In short, if you want to include large language models into a chain of automation, you’ll need very specific inputs and outputs, and that is not something that ChatGPT excels at, and you need to count with errors.

An alternative approach

ChatGPT can produce structured outputs like JSON or SQL because a portion of its web-scraped training data contains such data, and ChatGPT has the capacity to remember its most common patterns. But again, this ability is quite specific and does not require interactions with other tasks. Remember that GPT-X models are primarily tuned on human feedback given directly to the model's responses, which largely optimizes the model for smooth and good-looking outputs.

Thus, if your use case requires text-to-structure, structure-to-text or structure-to-structure generation, you might be better off with fine-tuning a specialized, much smaller generation model. If you don't have enough of your own input-output pairs, you can utilize datasets for code generation from HuggingFace Datasets, e.g. Spider for SQL generation, or GitHub scrapes for a myriad of other structured languages.

A nice thing about tuning your own structured generation model is that you no longer need to bother  with elaborately fine-tuned prompts – you can simply fine-tune your model for the generation in any specific prompting format that you desire to use.

But since the publicly available datasets are often from a domain different from yours, it is always a good idea to add in some of your own data whenever possible.

For those with more of a technical background, I’d advise you to formulate the training task in a form that is general enough to allow your model to generalize to your own data. Here’s a quick example to explain what I mean:

When we fine-tuned the text-to-SQL model for our own projects, we also included the description of the database structure in the training prompts. This way, the model knows that it should look for the structure in the input prompt, rather than memorize the structures of the training database. When we use such a model in production, we also always have to provide it with the database structure that it's supposed to request, but the resulting model works even with structures that were never present in the training data.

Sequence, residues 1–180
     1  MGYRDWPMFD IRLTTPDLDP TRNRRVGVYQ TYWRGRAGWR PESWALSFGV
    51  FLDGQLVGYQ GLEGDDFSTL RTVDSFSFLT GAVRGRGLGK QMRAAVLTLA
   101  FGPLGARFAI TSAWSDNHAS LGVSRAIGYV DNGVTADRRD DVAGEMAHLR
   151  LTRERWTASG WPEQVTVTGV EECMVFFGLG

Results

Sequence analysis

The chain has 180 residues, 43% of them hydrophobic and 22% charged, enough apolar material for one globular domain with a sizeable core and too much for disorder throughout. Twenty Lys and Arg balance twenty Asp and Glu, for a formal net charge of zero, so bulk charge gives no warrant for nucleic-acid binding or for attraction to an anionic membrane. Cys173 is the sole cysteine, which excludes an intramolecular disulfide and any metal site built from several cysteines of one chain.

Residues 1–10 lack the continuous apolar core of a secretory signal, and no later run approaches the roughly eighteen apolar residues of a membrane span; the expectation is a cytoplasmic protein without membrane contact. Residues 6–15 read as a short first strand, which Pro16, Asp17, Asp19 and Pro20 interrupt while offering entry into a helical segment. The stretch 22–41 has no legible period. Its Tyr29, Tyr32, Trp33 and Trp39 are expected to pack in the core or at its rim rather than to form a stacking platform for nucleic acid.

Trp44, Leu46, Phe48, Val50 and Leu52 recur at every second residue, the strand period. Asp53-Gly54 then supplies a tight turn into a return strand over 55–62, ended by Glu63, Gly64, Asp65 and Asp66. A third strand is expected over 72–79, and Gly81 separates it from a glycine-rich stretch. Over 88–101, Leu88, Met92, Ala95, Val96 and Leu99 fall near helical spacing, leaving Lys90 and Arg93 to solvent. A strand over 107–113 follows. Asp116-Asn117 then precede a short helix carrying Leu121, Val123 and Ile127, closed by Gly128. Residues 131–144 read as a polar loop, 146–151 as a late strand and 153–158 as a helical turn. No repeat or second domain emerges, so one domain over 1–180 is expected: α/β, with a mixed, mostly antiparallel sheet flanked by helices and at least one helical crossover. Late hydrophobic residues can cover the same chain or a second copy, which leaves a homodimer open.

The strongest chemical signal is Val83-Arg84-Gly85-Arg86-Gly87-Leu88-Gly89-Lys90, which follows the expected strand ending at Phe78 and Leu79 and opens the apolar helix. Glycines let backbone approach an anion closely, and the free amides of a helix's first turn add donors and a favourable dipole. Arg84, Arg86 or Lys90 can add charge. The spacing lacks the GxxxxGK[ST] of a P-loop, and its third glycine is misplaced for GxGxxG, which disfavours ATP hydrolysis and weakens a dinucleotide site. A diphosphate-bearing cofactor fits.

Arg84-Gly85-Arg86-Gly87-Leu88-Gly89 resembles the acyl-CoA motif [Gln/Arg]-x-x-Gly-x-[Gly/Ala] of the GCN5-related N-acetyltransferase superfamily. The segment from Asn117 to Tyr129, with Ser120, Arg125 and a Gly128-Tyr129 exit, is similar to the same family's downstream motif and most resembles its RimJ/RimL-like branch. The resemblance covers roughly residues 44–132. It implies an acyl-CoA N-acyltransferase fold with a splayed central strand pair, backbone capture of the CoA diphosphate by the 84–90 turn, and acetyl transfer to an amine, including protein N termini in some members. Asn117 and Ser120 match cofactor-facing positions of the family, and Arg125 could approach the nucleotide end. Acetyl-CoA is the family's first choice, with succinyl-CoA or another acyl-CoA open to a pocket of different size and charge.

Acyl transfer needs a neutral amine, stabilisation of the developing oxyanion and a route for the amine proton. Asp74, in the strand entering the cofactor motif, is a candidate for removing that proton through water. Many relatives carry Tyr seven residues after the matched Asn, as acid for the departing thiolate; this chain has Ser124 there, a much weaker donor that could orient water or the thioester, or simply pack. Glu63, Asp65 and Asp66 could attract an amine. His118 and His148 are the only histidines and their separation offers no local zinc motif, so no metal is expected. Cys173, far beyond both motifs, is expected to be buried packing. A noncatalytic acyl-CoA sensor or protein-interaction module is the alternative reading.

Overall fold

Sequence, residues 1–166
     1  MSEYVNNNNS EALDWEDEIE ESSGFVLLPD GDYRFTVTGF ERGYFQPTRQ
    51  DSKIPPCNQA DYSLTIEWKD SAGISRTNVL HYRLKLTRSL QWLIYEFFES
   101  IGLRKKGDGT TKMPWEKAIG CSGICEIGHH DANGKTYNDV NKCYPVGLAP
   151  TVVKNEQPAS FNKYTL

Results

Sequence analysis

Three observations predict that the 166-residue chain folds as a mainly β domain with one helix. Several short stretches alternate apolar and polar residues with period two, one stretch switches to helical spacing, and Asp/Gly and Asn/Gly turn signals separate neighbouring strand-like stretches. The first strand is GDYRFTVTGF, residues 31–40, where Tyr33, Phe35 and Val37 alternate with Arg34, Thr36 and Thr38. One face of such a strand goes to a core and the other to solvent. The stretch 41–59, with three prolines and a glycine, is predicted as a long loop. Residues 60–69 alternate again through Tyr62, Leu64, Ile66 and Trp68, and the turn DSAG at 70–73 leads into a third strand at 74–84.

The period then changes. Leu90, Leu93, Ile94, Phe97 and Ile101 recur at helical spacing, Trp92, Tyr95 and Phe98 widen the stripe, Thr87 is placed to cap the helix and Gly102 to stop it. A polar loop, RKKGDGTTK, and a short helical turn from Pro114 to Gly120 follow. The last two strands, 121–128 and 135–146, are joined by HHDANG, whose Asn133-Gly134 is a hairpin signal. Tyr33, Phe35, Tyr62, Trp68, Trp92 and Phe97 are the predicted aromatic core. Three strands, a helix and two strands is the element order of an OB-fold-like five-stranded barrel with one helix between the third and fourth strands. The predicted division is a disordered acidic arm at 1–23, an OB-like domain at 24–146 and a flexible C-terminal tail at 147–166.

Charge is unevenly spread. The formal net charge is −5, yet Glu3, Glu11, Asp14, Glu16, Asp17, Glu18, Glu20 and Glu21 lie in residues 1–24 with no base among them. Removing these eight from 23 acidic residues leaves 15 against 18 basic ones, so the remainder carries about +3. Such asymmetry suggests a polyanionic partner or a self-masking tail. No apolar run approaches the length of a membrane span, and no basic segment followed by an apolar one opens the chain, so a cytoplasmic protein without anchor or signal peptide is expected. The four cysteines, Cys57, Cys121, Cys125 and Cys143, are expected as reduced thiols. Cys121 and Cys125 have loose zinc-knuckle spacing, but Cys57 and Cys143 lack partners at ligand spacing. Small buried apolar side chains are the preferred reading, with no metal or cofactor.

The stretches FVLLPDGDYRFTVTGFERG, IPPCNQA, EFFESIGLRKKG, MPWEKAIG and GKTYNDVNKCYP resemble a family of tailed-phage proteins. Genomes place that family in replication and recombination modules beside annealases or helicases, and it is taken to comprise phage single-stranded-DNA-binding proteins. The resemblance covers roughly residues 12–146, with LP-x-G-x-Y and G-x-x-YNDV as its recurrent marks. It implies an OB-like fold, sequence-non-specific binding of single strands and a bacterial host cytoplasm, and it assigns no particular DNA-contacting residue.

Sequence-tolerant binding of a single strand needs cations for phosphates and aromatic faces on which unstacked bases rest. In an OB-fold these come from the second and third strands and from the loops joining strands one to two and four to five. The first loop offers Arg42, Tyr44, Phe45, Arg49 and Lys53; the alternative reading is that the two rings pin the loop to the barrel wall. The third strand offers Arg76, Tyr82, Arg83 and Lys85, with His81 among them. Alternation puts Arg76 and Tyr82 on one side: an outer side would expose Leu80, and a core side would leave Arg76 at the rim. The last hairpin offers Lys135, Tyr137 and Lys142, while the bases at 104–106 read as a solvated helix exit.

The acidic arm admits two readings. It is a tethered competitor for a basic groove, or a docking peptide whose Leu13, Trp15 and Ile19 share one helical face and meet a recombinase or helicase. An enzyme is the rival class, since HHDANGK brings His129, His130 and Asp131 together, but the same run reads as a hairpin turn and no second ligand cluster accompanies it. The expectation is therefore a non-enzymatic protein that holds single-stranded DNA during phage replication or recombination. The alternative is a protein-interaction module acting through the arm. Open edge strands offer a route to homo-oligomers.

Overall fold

3. Applications requiring a knowledge base specific to your organization

Naturally, using your own knowledge base as the source of information for your chatbot has many different direct applications. You can serve the knowledge directly to the users using as many different sources of contextual information as possible, including the chat history, user history, user profile or user preferences.

However, since the current version of ChatGPT is based on a scrape of the web back in September 2021, and most of the user context is not going to be available in the training data at all. So in the best case scenario, the general-purpose LM will just tell you "I do not know." And in the worst case it will just hallucinate a response, i.e. it will just make something up.

An alternative approach

In order to integrate fresh and personalized knowledge into conversations with customers you will need to feed your generative model with that relevant knowledge.

For that, both information retrieval and structured generation described in (1) and (2) will come in handy: In (1), you can directly use the query to search in free-text knowledge bases. In (2), you rephrase the user query into a query to your database, execute it, and concatenate the result into the context of your generative model.